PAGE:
10 Most Endangered Forests on Earth

An endangered forest is one that has ecological importance in its environment and is being threatened by industrialization or human encroachment. Most of these forests have been part of their environment for many years and play a vital role in maintaining a natural balance of the eco system. Scientists have claimed that deforestation has played an important role in causing global warming.

1. Congo Basin Forest

The world’s second largest tropical forest is the Congo Basin Forest and it covers six countries in Africa; Cameroon, the Central African Republic, the Republic of Congo, the Democratic Republic of Congo, Equatorial Guinea and Gabon. The Congo Basin Forest represents 70% of the continent’ vegetation and contains more than 600 species of trees and 10,000 species of animals. This forest has suffered the highest deforestation in the globe as trees are cut for commercial purposes and cleared for farming. Due to the civil wars and unrest that rock that particular region, many people have been forced to encroach and live in the forest.

2. The Mau Forest

The largest indigenous forest in the Rift Valley is the Mau Forest in Kenya. It covers 675,000 acres and is the largest water catchment area in the country. Many rivers start flowing from the Mau Forest and feed many lakes in the region like the Lake Victoria, which lies in three East African countries, Kenya, Uganda and Tanzania. The Mau Forest has been threatened by human encroachment as the Kenyan population looks to acquire more land, especially fertile land for agriculture, an important economic activity in the country. The Kenyan government has taken steps to protect the Mau Forest and many Kenyan families have been evicted from the area.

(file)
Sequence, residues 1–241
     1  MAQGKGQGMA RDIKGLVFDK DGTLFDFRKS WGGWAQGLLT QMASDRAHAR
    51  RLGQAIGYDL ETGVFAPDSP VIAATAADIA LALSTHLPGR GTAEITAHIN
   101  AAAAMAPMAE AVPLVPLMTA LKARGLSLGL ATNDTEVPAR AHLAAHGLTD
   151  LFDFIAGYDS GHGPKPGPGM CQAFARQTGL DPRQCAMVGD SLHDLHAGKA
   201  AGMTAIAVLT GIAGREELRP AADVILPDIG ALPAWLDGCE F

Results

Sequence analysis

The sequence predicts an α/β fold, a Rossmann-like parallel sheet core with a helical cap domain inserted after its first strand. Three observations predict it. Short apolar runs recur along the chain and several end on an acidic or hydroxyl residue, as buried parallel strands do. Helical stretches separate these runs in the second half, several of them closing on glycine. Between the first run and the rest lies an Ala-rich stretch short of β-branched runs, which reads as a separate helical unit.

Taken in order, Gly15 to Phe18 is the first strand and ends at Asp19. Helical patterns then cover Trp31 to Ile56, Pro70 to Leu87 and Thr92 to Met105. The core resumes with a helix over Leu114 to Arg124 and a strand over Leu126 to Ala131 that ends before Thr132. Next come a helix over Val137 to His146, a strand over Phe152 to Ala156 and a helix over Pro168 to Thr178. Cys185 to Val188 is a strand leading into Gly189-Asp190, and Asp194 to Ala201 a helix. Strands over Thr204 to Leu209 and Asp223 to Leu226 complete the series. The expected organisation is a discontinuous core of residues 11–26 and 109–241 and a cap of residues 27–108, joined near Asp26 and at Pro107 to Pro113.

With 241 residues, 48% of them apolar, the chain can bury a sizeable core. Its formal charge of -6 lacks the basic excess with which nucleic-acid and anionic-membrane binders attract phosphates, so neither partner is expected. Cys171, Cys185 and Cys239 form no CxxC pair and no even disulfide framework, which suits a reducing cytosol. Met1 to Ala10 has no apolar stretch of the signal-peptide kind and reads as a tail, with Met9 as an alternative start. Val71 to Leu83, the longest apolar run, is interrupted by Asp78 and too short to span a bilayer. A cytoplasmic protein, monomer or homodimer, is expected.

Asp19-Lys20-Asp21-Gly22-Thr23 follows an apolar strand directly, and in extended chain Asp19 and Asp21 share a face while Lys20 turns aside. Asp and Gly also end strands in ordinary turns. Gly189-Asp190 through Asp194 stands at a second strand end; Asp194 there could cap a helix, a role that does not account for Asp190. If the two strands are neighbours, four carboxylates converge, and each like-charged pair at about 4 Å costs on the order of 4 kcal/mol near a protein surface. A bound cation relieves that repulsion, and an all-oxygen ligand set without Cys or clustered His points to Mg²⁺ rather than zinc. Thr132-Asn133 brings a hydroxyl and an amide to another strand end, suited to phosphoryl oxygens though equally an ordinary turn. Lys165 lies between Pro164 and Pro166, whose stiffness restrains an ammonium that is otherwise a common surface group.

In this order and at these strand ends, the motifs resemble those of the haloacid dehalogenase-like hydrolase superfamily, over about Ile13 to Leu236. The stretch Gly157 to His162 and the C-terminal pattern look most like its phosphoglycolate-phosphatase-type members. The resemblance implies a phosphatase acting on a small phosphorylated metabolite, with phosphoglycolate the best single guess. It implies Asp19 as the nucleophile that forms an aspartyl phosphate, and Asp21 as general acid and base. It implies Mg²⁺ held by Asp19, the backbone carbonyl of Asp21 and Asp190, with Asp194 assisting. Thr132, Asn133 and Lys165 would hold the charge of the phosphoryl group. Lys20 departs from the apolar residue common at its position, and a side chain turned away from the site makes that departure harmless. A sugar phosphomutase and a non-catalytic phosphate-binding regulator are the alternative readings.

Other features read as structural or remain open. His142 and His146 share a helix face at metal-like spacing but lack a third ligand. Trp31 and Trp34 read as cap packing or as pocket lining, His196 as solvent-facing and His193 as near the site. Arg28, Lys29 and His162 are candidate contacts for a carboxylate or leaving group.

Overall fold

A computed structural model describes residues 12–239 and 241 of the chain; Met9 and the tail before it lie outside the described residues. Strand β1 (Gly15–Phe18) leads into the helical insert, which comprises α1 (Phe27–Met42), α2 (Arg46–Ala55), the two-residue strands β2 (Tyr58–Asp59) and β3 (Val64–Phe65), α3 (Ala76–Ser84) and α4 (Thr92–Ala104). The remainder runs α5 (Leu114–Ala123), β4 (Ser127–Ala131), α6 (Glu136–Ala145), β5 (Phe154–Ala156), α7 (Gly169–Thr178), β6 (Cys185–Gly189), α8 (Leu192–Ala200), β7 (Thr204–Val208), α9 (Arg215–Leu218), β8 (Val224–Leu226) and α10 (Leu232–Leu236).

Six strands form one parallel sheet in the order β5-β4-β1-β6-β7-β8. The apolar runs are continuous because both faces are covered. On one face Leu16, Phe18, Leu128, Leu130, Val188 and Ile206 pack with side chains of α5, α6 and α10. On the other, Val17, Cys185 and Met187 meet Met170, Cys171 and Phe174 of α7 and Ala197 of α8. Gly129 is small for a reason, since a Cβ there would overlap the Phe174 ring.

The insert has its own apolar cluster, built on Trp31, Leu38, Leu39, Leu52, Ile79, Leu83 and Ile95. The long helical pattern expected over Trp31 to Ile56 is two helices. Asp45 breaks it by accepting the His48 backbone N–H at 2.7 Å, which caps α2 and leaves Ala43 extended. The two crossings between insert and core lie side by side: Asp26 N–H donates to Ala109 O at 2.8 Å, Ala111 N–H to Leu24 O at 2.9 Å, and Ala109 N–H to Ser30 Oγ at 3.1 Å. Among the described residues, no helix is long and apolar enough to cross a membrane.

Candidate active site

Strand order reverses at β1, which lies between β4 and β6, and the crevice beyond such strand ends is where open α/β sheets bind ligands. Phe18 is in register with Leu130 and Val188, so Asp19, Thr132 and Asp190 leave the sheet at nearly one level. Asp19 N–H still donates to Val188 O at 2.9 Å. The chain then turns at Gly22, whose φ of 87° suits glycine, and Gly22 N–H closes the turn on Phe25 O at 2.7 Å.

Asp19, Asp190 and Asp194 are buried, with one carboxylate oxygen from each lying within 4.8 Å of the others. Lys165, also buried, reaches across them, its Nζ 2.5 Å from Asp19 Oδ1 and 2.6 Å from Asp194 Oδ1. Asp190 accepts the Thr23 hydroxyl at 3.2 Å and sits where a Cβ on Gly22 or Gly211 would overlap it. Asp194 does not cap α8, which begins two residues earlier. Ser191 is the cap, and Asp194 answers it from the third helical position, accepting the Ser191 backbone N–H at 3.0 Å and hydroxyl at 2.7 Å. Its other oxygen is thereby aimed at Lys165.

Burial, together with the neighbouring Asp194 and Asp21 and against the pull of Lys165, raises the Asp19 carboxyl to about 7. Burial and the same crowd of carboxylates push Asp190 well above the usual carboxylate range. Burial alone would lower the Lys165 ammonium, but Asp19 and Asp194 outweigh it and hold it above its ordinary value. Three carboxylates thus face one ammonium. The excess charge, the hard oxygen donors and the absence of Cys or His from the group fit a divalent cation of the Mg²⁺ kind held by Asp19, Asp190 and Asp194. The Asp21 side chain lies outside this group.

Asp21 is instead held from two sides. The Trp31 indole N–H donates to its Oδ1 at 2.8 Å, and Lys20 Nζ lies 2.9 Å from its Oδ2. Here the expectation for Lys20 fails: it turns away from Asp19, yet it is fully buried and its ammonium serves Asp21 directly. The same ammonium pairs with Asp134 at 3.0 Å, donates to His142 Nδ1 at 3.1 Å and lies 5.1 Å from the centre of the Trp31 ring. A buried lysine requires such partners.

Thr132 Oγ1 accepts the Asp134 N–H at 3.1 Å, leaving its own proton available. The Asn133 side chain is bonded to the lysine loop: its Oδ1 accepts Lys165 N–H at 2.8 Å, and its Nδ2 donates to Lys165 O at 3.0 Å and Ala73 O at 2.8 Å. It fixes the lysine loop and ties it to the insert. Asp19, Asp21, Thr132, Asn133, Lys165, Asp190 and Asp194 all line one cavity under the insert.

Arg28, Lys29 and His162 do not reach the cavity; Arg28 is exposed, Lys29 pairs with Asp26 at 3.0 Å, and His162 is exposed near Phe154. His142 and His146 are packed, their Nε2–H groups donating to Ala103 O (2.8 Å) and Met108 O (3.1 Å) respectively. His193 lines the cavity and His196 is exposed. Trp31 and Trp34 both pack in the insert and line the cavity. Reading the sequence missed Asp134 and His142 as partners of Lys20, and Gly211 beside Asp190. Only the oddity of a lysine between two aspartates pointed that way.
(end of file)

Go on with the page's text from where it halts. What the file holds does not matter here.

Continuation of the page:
3. Chile’s Valdivian Rainforest

Along the Southern Chilean coast in South America, lies the Valdivian Rainforest. The nonprofit organization, Conservation International ranks this rainforest as one of the world’s top 25 biodiversity hotspots. More than 90% of the plant life and over 70% of the animal life in this forest cannot be found anywhere else in the world. Chile’s economy has benefited greatly from wood pulp manufacturing and forestry from the Valdivian Rainforest. This forest has suffered deforestation because of these economic activities as well as building of highways through it. There is a plan by the Chilean forestry to clear the trees native and unique to the Valdivian Rainforest and replace them with pines and eucalyptus tree farms.

4. Sumatra’s Rainforest

Sumatra is the largest island that is part of Indonesia. It is actually the sixth largest island in the world. Sumatra’s Rainforest has plant and animal life that are unique to it and cannot be found anywhere else in the world. Almost half of the Sumatra’s Rainforest has been destroyed as Indonesia’s economy benefits from legal and illegal logging and expanding oil palm plantations. Such devastation has led to animals such as the Sumatran Tiger, Sumatran Orangutan and Sumatran Rhino to be placed on the Critically Endangered Species. The Tropical Rainforest Heritage of Sumatra was declared a UNESCO World Heritage Site in 2004.

5. Tasmania’s Kelp Forests

Did you know that the sea has underground rainforests? Kelp forests have large sea weeds, some growing to 80 meters in length. In Australia, Kelp Forests of Tasmania are on a heavy decline with only 5% of the original size remaining. These forests are an important habitat for marine organisms. Products made from kelp are used to thicken foods like ice cream and jelly. Scientists say that the destruction of the Tasmania Kelp Forests is caused by weather disasters like El Nino, over harvesting of kelp, the increase in Tasmania sea water temperatures and the decline of dissolved nutrient levels.